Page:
Lifestyle Magazine

Tips for Co-Parenting With An Ex You Detest

By Harshil Barot @Harshil_Barot

Co-parenting is tough. Whether you're new to co-parenting or you have been co-parenting for quite some time, keeping that balance copasetic presents many challenges - especially if you detest your ex partner.

No matter where in your parenting journey you are, it's never a bad idea to ask for a helping hand. If you think you could use the guidance of a professional therapist, check out the services that BetterHelp has to offer.

Likewise, if you and your ex partner decide that attending therapy together would be in the best interest of your child, you can seek that assistance too.

Until then, it's useful to get practical. Dealing with an ex you can't stand to be around makes co-parenting that much more difficult. In this article, we'll share some tips and tricks to make it easier.

Reasons for Strife

Before you start problem solving, it's important to evaluate the core of the problem.

Why do you feel you despise your ex partner? Is it one-sided? Was this feeling present during the relationship or only thereafter?

Once you understand your detest, it can be easier to find solutions. Is there a lack of trust? A lack of appreciation? A lack of reliability?

Your Values

When a partner is not in line with your values, it can sometimes throw you off balance.

Say, for example, you really value honesty. If your ex does something dishonest and apologizes, you might still feel hurt. This is because that partner did not live in keeping with your values.

Of course, you and your partner will not necessarily prioritize the same values, but being able to recognize and respect the values of the other person is important.

Likewise, let's say you value education, but your partner doesn't. He/she/they may not, for instance, provide the same reinforcement when it comes to your child completing their homework.

These sorts of differences can be a point of contention. A difference in values is a difference in lifestyle. A difference in lifestyle can create some tension, especially when you're trying to cultivate a synergetic environment. Make a list of your top 5 values and try to see where the gaps are.


If you've already come to terms with the reason for strife, the next question becomes how much you have communicated those feelings to your ex partner.

If you have kept the feelings bottled up, you might consider working with a professional counselor to help navigate that conversation. Finding the words to express your frustration in a healthy way can be challenging, and while it might feel like more trouble than it's worth, it might make co-parenting more collaborative.

On the flip side, if you constantly communicate your distaste for your ex partner to your ex partner, co-parenting might be an uphill battle. When people don't feel liked or respected, it can be difficult to put your best foot forward.

That's not to say that you should placate your ex partner in the interest of their feelings, but toning it down a notch could help. Try speaking with a counselor if you need a safe place to vent those frustrations.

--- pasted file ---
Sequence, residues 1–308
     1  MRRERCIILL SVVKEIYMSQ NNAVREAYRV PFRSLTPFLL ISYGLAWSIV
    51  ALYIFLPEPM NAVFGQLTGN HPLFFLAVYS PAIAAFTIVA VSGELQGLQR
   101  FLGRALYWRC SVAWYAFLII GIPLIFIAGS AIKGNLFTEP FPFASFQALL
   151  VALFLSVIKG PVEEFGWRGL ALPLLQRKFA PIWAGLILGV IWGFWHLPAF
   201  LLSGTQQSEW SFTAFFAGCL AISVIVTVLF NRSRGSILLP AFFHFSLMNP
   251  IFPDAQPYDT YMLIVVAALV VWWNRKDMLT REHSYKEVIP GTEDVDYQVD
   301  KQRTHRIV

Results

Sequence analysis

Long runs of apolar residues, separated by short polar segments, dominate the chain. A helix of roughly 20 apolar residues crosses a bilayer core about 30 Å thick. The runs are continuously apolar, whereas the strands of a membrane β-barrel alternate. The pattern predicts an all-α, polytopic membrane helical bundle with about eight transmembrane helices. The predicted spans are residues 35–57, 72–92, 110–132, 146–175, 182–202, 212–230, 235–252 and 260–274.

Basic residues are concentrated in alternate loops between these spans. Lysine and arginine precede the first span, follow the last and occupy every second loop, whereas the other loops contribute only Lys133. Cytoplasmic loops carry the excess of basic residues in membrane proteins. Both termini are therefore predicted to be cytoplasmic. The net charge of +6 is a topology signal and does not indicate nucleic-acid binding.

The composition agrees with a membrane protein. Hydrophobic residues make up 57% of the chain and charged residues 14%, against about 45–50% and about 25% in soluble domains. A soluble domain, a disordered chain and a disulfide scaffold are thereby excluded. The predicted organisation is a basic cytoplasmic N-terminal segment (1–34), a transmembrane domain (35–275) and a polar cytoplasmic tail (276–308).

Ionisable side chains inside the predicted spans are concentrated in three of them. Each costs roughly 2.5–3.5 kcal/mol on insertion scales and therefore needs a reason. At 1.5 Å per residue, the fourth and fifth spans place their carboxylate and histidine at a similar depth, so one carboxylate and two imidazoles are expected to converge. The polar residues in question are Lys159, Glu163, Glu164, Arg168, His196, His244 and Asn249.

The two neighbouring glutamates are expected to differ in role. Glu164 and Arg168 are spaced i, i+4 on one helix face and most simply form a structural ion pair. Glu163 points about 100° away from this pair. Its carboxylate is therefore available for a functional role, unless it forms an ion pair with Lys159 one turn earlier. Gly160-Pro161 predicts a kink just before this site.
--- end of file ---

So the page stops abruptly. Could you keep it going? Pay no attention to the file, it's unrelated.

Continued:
Finding the right solution for co-parenting with an ex partner you detest is a tall order. It might take a few attempts to figure out what the best route will be for your particular circumstance.

To make co-parenting work for you, try these five tips.

Establish a schedule

This can be one of the more challenging aspects of co-parenting, especially when you do not get along with your ex-partner . Making sure the child or children are picked up on time, dropped off where they need to be, attending the right after school activities or birthday parties, and more all show it can be difficult to manage multiple schedules.

Decide if you'd like to use an app or a virtual platform to pencil in different events and commitments so that the information is in writing and accessible at all given times by both parties.

Speak transactionally

It's important to keep an open line of communication for the sake of co-parenting running as smoothly as possible. That said, set boundaries and don't overshare. Sometimes, speaking transactionally is the best way to draw lines.

For instance, you can explain something that the child needs without interjecting an emotion or an opinion about it. Keep it simple, keep it light, keep it transactional - assuming there are no major accidents or behaviors that need addressing.

Don't involve the child or children

Bottom line, don't involve the kids in any sort of disputes. Toxic behavior like this - making children choose sides, insulting one parent in front of children, etc. - can completely shake any hope for successful co-parenting.

Accept differences

When a child is living between two houses, they will be living two different lifestyles. One parent might let them eat different foods, spend extra time on their devices, or allow them to behave in certain ways.

While this can be extremely frustrating for the other parent, try to work it out amongst yourselves. It's not the child's fault that they are getting mixed messages. Pick your battles wisely and try to accept the minor differences.

Keep opinions quiet

It is good practice to refrain from sharing your opinion of your ex partner to others. This includes, mostly, the children.

When you complain about your ex partner or talk poorly about them to your child, it will create tension and be incredibly confusing and frustrating for the child. With the guidance of a professional therapist, you can air your grievances without taking it out elsewhere.

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